Kawhi Leonard, the star of the Toronto Raptors, filed a lawsuit against Nike on Monday at the US District Court for the Southern District of California for control reclaiming Nike A logo created by Leonard, he says.
"In 2011, shortly after being drafted for the National Basketball Association, Kawhi Leonard created a unique logo containing elements that were meaningful and unique to him," the lawsuit says. "Leonard traced his remarkably large hand and drew in his hand stylized versions of his initials and the number he had worn in large parts throughout his career," # 2 which Leonard wrote was an expansion and continuation of the drawings he had made since the beginning of his college career.
"A few years later, Leonard allowed Nike to use the logo he designed on certain merchandise as part of an advertising contract with Nike Use Created while Leonard continued to use the logo on non-Nike merchandise. Unknown to Leonard and without his consent, Nike filed an application for copyright registration of his logo and was erroneously represented in the application written by Nike.
A Nike spokesman declined to comment.
The lawsuit further states that Leonard, who assembled on Monday afternoon before Match 3 of the NBA Final against the Golden State Warriors flew to California with the Raptors, who wanted to use the "Klaw" logo in various functions, including fashion lines, footwear and sports camps and charity events – but Nike disagreed with him, so Leonard wants to regain control of the logo, the he has created athletes as part of the stable by Jordan Brand.
Since then Leonard became a shoe-free agent before signing a contract with New Balance earlier this season, the Boston-based company has launched several campaigns with Leonard this seaso n – One is "Fun Guy" and another is "King of the North" recently, playing a phrase from the recently completed HBO series "Game of Thrones" off.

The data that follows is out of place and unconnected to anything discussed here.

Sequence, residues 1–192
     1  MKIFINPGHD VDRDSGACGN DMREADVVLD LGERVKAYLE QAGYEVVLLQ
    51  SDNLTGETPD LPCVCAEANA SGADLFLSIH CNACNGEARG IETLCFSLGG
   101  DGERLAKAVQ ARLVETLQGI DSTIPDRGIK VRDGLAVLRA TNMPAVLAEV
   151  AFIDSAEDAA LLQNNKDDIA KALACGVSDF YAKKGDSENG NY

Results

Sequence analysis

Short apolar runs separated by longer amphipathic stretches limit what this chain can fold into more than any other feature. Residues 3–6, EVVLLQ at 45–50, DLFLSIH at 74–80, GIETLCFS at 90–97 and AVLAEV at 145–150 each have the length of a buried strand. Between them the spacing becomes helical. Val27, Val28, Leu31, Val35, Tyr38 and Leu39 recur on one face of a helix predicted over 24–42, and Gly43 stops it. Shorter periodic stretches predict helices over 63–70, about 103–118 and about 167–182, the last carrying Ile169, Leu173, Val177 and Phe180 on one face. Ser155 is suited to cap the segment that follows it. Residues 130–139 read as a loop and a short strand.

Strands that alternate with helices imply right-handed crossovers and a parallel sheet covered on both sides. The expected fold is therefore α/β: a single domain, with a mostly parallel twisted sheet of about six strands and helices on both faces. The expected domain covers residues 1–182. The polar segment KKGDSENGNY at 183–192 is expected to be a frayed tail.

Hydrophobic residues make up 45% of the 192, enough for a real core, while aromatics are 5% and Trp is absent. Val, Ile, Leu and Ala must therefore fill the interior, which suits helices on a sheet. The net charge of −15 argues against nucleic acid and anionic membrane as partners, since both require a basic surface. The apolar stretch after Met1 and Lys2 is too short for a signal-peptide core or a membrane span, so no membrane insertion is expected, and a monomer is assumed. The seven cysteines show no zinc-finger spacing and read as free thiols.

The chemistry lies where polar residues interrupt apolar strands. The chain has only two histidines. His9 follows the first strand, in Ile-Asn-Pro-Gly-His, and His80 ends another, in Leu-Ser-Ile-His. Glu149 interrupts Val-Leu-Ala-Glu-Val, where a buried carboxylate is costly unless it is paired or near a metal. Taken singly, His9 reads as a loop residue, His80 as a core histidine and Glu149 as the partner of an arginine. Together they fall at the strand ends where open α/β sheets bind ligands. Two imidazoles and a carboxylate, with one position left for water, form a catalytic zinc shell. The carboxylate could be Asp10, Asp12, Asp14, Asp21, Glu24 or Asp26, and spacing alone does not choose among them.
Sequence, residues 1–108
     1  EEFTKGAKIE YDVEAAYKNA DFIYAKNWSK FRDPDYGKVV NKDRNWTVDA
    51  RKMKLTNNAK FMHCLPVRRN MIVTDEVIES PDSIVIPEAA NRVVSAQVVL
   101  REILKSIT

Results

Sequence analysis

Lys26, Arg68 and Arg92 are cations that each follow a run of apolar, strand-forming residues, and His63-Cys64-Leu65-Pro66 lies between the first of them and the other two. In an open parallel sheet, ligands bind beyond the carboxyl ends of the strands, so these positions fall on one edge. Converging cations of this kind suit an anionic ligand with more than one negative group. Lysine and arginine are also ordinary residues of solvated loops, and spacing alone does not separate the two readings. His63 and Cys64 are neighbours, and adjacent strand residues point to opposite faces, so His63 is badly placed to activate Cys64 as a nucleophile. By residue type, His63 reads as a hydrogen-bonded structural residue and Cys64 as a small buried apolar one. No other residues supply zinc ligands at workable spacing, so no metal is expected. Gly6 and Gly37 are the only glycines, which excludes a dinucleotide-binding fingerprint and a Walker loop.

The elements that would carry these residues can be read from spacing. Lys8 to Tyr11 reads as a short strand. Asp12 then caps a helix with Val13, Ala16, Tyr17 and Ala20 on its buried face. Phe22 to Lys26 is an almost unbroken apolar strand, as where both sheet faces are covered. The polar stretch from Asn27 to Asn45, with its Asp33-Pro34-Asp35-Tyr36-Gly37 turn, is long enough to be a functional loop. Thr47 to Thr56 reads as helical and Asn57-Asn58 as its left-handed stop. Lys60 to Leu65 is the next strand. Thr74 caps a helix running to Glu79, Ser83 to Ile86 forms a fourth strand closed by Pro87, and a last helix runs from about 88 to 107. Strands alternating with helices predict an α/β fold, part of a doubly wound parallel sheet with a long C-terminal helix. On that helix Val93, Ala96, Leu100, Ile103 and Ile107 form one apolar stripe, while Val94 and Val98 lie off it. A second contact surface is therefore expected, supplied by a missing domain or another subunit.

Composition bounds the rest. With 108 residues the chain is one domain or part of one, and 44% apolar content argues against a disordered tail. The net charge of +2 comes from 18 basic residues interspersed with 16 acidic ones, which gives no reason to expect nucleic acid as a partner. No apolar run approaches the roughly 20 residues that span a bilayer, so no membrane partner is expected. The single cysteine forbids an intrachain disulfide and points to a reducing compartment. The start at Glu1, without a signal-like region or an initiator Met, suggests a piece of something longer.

Theoretically, a new New Balance campaign should be possible sometime in the future – or at least Leonard (should he win) give control over a logo he says should be.
The lawsuit explains in detail how Leonard came up with the idea for the logo developed at the beginning of his rookie season during his Lockout Short 2011 campaign the San Antonio Spurs.
"Leonard is known for his extremely big hands," the lawsuit states. "Throughout his career, viewers have noticed Leonard's big hands, and they are often described as contributing to his success as a player.
" Ever since his college days, Leonard has been pondering and designing ideas for a personal logo that is unique would be for him and reflect something meaningful in terms of his own image. At the end of December 2011 or January 2012, Leonard refined a logo that he had created for several years and that included his big and strong hands, his initials and his jersey number.
"Leonard shared his original authoring work with family and friends, sought the advice and expertise of a creative designer, received comments and suggestions, and made changes to his design."
Later in the lawsuit, Leonard and Nike has been to and fro several times over the last few months regarding the use of the logo, with the last correspondence being in March when Nike told him, "It owns all of the intellectual property rights to the Leonard logo and demands that Leonard be replaced by Nike alleged unauthorized use of Leonard immediately ceases and gives up logo. "
Lastly, the claim states that the plaintiff's aim is to make Leonard the sole author of the logo; Leonard's use of its logo does not affect Nike's rights, including "without limitation to the rights that Nike claims with respect to the Leonard logo"; and that the defendant committed fraud by registering the Leonard logo in the Copyright Office, together with "any other and further relief that this court deems appropriate and appropriate.
Leonard and the Raptors will join the Warriors for Game 3 of the final at the Oakland Oracle Arena on Wednesday night. The series is tied to a game.
Nick DePaula of ESPN contributed to this report.